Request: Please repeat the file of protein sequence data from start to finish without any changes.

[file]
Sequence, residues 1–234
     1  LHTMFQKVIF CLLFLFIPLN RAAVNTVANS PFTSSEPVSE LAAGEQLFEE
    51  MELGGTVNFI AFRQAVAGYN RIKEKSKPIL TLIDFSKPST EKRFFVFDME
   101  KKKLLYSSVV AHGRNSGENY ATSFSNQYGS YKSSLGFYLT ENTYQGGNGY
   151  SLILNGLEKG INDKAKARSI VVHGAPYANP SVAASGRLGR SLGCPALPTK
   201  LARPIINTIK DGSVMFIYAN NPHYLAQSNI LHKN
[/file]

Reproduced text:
Sequence, residues 1–234
     1  LHTMFQKVIF CLLFLFIPLN RAAVNTVANS PFTSSEPVSE LAAGEQLFEE
    51  MELGGTVNFI AFRQAVAGYN RIKEKSKPIL TLIDFSKPST EKRFFVFDME
   101  KKKLLYSSVV AHGRNSGENY ATSFSNQYGS YKSSLGFYLT ENTYQGGNGY
   151  SLILNGLEKG INDKAKARSI VVHGAPYANP SVAASGRLGR SLGCPALPTK
   201  LARPIINTIK DGSVMFIYAN NPHYLAQSNI LHKN